Interlogix Insider Tells How Things Went Awry
The recently announced demise of one of the security industry’s largest manufacturers isn’t so shocking when you review the warning signs.
During the Cold War, the U.S. intelligence community uncovered an interesting way to detect enemy troop movements in the former Soviet Union. They watched the water flow. By observing the amount and flow of water, our intelligence services could uncover the approximate number of combatants and direction of troop movement. Simple but effective.
Could a security dealer or integrator have predicted the demise of Interlogix? Could they have used the method described above and have exchanged the water reference with other predictive signs to detect what was going to happen? The answer is yes, but more on that later.
Interlogix could have been a significant contender in the intrusion space, but UTC senior leaders failed to listen to their customers as well as leadership at the street level who simply understood the needs of the customers. These wonderful people and former coworkers will be out a job at the end of the year.
I predict, however, that the executive team that decided to scuttle Interlogix will be rewarded with promotions to other business units within the UTC universe, receive year-end bonuses and the company will see significant tax savings by shutting down prior to the end of the year. That is their right. Shareholders will be the final long-term judge.
So what happened? In my view and that of many others, it was a failure of senior/executive leadership, who believed they knew better than you and me.
Many names from the past were instrumental in doing the right thing on the intrusion side of the business; [SSI Industry Hall of Famer] Ken Boyda, Bob Haskins, Greg Burge, Duane Paulson, Jim Paulson and Dave Lyons, to name a few who “got it.” They were in tune with the needs of the customers, which made them great leaders and unparalleled customer advocates.
However, over the years some left voluntary as they too watched the water flow; others were pushed out to one degree or another only to be replaced by senior leaders who came from other large divisions within their respective corporate sphere. These executive leaders spent more time managing up rather than trying to manage the business they were brought in to lead. Shame on them.
Other manufacturers that were competitive to UTC also started to go down the same route but had an epiphany and are in the process of getting back on course. Kudos to them and their leadership teams, many of whom have come from our ranks. They have been there and done that.
In my consulting practice, I have had the recent opportunity to evaluate the majority of manufacturers in our space including a recent fact-finding trip to Asia to see who’s relevant or not. I spent lots of time watching the water and have come to the following thoughts about what separates a great partner company from the rest. Here are some warning signs:
- The company starts referring to the leader as the CEO, president or some other title. This takes the human side away from running the business. Years ago, I attended a leadership course at GE’s Crotonville, N.Y., campus. One thing that stuck out in my mind was that I had a number of executives come up to me and introduce themselves by their title of their respective GE business. They introduced themselves as CEO, COO, CFO. It was at that time I began watching the water flow in earnest.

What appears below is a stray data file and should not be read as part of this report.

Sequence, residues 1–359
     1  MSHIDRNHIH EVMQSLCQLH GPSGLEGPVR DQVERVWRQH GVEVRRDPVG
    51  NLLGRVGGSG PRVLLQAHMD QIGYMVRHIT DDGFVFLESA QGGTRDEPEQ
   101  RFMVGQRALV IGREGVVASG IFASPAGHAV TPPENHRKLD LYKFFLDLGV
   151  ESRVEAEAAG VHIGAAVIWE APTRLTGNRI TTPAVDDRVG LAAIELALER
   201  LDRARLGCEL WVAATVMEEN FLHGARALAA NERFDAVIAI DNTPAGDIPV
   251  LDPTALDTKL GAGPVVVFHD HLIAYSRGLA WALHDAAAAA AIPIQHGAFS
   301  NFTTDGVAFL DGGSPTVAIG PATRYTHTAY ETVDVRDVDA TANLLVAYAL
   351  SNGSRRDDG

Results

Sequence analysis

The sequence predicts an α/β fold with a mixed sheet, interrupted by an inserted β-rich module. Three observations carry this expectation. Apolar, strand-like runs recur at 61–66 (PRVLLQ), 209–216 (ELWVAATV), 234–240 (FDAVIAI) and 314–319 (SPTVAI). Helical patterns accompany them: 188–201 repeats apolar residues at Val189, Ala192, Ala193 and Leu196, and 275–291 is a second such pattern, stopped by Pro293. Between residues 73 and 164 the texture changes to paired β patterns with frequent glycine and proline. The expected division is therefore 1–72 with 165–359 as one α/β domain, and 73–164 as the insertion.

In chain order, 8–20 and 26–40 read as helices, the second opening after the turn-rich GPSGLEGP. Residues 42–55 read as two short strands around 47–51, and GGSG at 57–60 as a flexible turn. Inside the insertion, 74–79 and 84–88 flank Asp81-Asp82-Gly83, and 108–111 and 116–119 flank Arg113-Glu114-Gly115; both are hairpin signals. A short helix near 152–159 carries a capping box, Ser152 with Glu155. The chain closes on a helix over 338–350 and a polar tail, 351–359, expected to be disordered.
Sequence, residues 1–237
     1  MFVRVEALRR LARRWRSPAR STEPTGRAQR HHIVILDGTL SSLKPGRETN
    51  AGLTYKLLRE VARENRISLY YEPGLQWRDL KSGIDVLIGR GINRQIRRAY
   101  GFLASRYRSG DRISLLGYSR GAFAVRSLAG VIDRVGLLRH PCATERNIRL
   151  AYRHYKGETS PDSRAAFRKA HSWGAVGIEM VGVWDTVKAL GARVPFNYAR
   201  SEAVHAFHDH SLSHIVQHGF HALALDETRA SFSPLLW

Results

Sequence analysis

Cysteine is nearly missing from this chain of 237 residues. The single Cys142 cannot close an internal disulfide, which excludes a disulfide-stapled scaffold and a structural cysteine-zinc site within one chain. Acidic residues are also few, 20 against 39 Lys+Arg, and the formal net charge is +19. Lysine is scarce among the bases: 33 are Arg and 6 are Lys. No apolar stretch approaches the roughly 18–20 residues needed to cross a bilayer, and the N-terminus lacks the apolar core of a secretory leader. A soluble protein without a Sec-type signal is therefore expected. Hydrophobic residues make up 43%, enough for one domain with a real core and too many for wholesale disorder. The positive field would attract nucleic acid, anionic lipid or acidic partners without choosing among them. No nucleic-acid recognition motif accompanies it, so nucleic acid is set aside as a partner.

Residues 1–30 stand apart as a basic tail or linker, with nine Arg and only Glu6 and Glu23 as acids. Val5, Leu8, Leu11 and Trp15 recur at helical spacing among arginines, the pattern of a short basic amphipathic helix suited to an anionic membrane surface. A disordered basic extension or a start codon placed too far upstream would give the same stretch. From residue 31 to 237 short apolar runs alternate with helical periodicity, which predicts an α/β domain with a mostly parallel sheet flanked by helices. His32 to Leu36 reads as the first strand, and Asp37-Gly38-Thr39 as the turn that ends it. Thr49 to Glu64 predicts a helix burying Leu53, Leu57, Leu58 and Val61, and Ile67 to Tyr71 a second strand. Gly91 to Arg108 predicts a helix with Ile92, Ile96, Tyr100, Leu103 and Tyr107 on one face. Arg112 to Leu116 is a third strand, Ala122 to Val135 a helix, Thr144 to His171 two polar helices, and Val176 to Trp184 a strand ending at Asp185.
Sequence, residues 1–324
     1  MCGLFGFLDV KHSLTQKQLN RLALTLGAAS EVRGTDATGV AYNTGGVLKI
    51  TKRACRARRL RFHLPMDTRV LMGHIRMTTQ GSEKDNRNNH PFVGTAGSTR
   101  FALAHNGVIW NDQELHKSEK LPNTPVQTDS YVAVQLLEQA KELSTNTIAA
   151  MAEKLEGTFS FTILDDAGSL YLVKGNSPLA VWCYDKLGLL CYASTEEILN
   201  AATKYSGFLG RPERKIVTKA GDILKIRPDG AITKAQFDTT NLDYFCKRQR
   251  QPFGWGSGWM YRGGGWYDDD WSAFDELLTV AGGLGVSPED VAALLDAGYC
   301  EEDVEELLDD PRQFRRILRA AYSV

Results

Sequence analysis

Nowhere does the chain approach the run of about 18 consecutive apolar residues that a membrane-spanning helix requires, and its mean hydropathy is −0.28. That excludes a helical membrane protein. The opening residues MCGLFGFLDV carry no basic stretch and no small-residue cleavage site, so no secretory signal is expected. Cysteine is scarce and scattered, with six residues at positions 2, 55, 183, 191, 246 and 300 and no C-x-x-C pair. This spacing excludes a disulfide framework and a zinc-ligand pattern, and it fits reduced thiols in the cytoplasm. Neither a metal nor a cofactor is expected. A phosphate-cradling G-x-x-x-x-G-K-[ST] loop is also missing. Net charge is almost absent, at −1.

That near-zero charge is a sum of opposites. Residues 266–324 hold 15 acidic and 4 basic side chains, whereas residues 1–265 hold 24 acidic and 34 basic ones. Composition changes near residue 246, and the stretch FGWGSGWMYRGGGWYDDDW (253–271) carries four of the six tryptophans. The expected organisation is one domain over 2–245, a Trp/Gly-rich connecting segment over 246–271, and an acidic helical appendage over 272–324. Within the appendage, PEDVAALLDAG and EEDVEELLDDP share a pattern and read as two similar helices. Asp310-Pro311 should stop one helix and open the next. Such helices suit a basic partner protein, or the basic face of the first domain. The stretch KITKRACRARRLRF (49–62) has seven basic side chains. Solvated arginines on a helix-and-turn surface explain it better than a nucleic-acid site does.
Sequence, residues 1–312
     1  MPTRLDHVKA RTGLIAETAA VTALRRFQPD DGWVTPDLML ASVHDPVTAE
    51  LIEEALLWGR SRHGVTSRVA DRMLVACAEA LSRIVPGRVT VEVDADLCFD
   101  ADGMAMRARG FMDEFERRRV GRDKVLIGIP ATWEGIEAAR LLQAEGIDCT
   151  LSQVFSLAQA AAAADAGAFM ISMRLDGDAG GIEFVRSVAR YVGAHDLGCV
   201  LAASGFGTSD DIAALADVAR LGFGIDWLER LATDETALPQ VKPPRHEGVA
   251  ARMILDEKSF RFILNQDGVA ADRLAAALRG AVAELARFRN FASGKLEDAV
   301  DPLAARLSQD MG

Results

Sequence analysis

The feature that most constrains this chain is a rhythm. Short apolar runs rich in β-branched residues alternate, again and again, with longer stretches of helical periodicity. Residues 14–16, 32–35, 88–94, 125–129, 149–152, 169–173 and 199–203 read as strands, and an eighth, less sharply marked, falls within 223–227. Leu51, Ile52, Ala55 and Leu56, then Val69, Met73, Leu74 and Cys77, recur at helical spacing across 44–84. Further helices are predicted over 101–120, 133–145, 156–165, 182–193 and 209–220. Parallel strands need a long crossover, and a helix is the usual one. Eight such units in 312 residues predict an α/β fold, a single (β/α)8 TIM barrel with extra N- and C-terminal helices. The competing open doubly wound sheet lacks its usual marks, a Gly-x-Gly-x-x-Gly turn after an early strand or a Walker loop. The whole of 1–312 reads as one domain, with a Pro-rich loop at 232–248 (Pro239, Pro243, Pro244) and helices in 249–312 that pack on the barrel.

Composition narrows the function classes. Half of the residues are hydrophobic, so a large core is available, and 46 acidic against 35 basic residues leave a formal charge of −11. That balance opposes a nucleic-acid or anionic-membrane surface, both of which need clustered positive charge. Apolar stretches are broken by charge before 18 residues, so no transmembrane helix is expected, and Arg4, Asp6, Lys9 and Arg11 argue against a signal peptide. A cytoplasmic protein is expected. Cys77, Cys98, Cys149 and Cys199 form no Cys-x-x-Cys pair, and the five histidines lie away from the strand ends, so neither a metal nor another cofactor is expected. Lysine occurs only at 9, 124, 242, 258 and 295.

- Product launches are nonexistent, take too long or do not meet customers’ expectations. When a product launches, the company should be two years ahead of the competition and have skunkworks projects in place to stay ahead of the game with product enhancements.
- The company ignores the marketplace (you), becomes arrogant and proceeds to tell you what is important. Great companies listen to their customers, their employees and the market conditions blending all into a voice of reason roadmap.
- Lastly, the company minimizes domain expertise, especially in senior leadership roles and focuses on the security business as a steppingstone for “bigger and better” roles in other corporate divisions.
I believe I speak for many who either worked for Interlogix or who were loyal customers. I was an ITI/GE customer for 10 years before going to work at GE Security/Interlogix, which subsequently was purchased by UTC. And although the water in the stream began to change course a bit at a time, the water flow was still manageable.
Changes such as centralized decision making without adequate feedback from customers, micromanaging leadership by “executive band” leaders, roadmap stagnation and arrogance ultimately led to the demise of Interlogix.
Hopefully other manufacturers will learn from this lesson and watch the water flow of the dealers. There are some stellar manufacturers that will fill the void and my hat is off to them. I am just sorry that arrogance was the single most significant contributing to the demise of Interlogix and senior leadership is directly to hold accountable.
However, to be more blunt, some will be revered for jettison of the business with internal and external press releases indicating the decision was made so that the company can return to “their core business” while many Interlogix employees will need to seek employment elsewhere and many loyal dealers scramble to find alternative products.
Take a look at the history of Interlogix’ Security Pro program below.
Kirk MacDowell, a member of the Security Sales & Integration Editorial Advisory Board, is a 39-year security industry veteran and founder/CEO of MacGuard Security Advisors. An active member with industry trade associations, his diverse experience includes alarm companies and manufacturers such as Alarm.com and Interlogix. He can be reached at firstname.lastname@example.org.
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